Live, Work, Learn

AUGUST 28, 2014

To build a successful learning environment, you must first build a community—a safe, interactive place where students, teachers, and parents can own full membership and participation. As new urbanist philosophies reshape our cities creating walkable, mixed-use streetscapes, housing now plays an even more critical role in shaping community and in turn the learning environment.

From a basic psychological level we know that if our basic needs are met (food, shelter); if we are safe; if we have human interaction, belongingness and love; then we feel confident, are open to learning and are motivated to participate fully in our community. Across the urban landscape, the combination of living and learning environments—whether as part of a commercial development or college or university project—can have a marked impact.

In Newark, New Jersey, Teachers Village—an innovative mixed-use development transforming 12 city blocks with schools, retail and housing for teachers—is set to do just that. Led by developer RBH Group, the multi-faceted project includes eight buildings designed by both KSS Architects and Richard Meier & Partners. In all, three charter schools and an early childhood education center will call the development home above ground-floor retail. But what sets the development apart is the introduction of a high-rise residential tower with more than 200 units of market-rate apartments first offered for lease to teachers at affordable rates.

The idea to incorporate teachers came after the developers realized many of the city's current educators worked long hours and lived far away. In an RBH Group survey, researchers found that just 19 percent of Newark teachers live in the city proper, with 29 percent living in the New Jersey suburbs, 19 percent in New York City, and 10 percent in Jersey City. By living closer, teachers could bring energy and ideas to the neighborhoods where they work—attracting more business while creating a safe and vibrant community ripe for education and exchange.

Newark is not the first city to experiment with workforce housing for teachers. Baltimore's Miller's Court includes 40 teacher apartments, the majority of which are rented by Teach for America participants. In Los Angeles, the Glassell Park complex combines a district pre-school with affordable housing for teachers and others. In Jersey City, New Jersey City University (NJCU) is taking the lead on a project that mixes housing for faculty, students, local teachers and residents to revitalize a community and energize a new academic environment.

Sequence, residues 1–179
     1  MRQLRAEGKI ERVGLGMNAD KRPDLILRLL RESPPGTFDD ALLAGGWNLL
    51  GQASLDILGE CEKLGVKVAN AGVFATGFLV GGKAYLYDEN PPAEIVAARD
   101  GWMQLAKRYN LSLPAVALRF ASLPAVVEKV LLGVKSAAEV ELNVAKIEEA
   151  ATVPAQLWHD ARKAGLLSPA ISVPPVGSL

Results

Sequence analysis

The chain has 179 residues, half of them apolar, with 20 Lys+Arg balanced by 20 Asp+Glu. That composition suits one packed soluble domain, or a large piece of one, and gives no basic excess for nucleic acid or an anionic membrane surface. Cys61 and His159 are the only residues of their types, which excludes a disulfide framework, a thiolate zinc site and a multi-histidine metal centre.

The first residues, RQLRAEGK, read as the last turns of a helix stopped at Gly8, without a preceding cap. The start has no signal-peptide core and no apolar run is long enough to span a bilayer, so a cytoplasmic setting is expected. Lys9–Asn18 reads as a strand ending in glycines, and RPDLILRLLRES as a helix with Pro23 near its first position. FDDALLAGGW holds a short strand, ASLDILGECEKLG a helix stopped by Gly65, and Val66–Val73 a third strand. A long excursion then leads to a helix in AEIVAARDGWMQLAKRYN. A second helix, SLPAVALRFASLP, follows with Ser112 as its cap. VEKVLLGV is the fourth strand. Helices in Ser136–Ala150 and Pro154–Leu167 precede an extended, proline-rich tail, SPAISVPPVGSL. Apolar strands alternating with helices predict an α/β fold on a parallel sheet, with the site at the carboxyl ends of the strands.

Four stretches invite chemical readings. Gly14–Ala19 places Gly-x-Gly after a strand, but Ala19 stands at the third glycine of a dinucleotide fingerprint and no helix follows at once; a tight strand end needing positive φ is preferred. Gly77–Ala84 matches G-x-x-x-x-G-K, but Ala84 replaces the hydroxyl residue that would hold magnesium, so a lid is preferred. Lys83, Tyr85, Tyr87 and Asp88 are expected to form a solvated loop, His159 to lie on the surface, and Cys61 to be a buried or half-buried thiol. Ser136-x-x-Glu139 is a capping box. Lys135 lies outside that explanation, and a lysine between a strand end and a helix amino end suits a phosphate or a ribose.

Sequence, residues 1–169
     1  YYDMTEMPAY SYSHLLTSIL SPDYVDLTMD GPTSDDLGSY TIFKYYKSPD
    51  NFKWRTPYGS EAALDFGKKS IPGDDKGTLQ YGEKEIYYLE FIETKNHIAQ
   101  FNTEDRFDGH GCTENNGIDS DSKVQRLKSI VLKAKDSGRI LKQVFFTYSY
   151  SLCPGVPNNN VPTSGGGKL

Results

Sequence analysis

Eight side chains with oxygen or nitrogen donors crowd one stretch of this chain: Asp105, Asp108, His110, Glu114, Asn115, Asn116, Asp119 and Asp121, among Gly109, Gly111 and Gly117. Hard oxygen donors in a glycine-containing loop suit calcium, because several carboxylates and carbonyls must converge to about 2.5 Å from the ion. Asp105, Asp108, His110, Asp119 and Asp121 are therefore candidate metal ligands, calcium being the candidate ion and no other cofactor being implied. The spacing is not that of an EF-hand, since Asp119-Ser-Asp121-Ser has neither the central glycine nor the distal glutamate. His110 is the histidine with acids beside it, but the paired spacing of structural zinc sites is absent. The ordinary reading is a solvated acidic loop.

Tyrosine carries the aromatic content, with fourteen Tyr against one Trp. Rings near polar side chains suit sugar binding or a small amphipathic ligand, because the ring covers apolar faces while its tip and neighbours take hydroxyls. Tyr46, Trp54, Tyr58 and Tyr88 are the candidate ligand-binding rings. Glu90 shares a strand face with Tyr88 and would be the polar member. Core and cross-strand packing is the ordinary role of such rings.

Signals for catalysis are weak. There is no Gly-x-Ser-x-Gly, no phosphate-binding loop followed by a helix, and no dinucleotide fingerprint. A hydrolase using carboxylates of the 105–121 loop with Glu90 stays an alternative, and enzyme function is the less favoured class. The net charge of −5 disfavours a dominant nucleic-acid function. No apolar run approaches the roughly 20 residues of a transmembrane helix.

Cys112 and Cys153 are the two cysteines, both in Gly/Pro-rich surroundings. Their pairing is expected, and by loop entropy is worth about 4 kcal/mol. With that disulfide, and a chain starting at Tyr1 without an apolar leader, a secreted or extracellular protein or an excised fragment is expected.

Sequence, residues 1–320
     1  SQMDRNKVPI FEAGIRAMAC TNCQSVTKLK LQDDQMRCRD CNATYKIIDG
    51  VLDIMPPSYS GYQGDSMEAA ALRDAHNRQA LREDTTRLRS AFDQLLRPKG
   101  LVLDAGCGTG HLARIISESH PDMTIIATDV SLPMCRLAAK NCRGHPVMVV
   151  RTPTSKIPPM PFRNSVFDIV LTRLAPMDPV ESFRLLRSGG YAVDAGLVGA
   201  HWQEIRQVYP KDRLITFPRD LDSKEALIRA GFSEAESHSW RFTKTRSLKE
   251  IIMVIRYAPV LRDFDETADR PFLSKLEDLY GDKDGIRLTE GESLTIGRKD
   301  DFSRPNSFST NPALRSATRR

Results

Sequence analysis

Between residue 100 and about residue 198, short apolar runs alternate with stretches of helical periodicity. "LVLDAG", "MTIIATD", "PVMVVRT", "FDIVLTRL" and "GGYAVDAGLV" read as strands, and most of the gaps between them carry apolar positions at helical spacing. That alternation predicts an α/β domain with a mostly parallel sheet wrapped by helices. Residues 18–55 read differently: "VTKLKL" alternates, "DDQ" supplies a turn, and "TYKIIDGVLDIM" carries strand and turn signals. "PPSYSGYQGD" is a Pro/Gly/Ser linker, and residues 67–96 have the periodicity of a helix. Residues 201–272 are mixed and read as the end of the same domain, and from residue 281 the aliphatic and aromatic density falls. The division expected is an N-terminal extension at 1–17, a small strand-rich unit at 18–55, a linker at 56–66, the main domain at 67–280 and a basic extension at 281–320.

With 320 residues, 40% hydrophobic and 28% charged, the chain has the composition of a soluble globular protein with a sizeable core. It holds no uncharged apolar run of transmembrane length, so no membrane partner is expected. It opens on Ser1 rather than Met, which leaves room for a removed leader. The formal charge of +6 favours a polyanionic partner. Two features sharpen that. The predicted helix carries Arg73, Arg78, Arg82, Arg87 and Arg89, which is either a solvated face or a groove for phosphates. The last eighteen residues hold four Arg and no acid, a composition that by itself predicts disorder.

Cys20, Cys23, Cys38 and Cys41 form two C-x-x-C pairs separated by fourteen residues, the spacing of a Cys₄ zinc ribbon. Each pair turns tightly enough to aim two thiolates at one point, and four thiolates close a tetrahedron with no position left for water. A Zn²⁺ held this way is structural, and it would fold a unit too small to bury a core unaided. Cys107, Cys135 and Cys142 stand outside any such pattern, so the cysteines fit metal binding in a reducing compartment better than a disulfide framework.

With a commitment to improving its surrounding urban region and beyond, NJCU's West Campus will transform what is now a vacant steel manufacturing site into a six-block neighborhood that combines academic, retail and office space, restaurants, cafes, a supermarket, bookstore, daycare and theater. Phase I is already complete and brought a charter high school, business incubator and black box theater to a property adjacent to the main West Campus site. Phase II, the student housing component, is now moving forward.

Why did NJCU take such an inclusive approach to its master plan for the West Campus? Rather than create a one-dimensional academic environment, the University proactively sought to find a way to revitalize the entire neighborhood—in turn creating an active and energized learning environment. With faculty and students living, working and learning together, there is greater opportunity for the exchange of ideas and interaction outside the classroom. Add in teachers from the nearby charter school and young couples and families looking for new living options in close proximity to New York City, and the Campus becomes a vibrant community—a place where everyone feels safe, connected, engaged and open to learning.